Book Image

Linux Shell Scripting Bootcamp

By : James K Lewis
Book Image

Linux Shell Scripting Bootcamp

By: James K Lewis

Overview of this book

Linux Shell Scripting Bootcamp is all about learning the essentials of script creation, validating parameters, and checking for the existence of files and other items needed by the script. We will use scripts to explore iterative operations using loops and learn different types of loop statements, with their differences. Along with this, we will also create a numbered backup script for backup files. Further, you will get well-versed with how variables work on a Linux system and how they relate to scripts. You’ll also learn how to create and call subroutines in a script and create interactive scripts. The most important archive commands, zip and tar, are also discussed for performing backups. Later, you will dive deeper by understanding the use of wget and curl scripts and the use of checksum and file encryption in further chapters. Finally, you will learn how to debug scripts and scripting best practices that will enable you to write a great code every time! By the end of the book, you will be able to write shell scripts that can dig data from the web and process it efficiently.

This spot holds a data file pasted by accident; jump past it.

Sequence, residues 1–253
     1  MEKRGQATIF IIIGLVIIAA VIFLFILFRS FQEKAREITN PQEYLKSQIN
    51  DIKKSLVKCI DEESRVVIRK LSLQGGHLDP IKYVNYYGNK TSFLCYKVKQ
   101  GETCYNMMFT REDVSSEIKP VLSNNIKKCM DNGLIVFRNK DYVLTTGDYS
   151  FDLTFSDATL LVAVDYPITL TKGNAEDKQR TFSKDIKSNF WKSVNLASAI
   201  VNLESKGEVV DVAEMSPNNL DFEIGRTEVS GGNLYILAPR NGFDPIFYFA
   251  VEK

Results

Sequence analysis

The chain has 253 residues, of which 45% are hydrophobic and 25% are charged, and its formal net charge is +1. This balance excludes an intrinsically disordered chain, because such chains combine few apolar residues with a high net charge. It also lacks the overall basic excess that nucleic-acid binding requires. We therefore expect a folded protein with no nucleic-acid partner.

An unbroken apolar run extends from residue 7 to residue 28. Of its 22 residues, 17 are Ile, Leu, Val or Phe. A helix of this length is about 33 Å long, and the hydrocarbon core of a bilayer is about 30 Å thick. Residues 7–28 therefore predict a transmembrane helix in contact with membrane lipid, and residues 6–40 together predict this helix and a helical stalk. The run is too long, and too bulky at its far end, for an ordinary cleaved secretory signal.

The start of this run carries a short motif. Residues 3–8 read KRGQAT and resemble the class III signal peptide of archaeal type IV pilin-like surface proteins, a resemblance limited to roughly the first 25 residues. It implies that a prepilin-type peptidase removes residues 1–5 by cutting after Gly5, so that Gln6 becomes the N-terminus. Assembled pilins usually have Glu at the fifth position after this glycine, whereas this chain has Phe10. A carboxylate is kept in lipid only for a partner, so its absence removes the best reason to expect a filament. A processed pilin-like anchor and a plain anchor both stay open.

Table of Contents (19 chapters)
Linux Shell Scripting Bootcamp
About the Author
About the Reviewer
Customer Feedback

Environment variables

So far we have only talked about variables that are local to a script. There are also system wide environment variables (env vars) which play a very important part of any Linux system. Here are a few, some of which the reader may already be aware of:




user's home directory


directories which are searched for commands


command line prompt


hostname of the machine


shell that is being used


user of this session


text editor to use for crontab and other programs


number of commands that will be shown by the history command


type of command line terminal that is being used

Most of these are self-explanatory, however, I will mention a few.

The PS1 environment variable controls what the shell prompt displays as part of the command line. The default setting is usually something like [guest1@big1 ~]$, which is not as useful as it could be. At a minimum, a good prompt shows at least...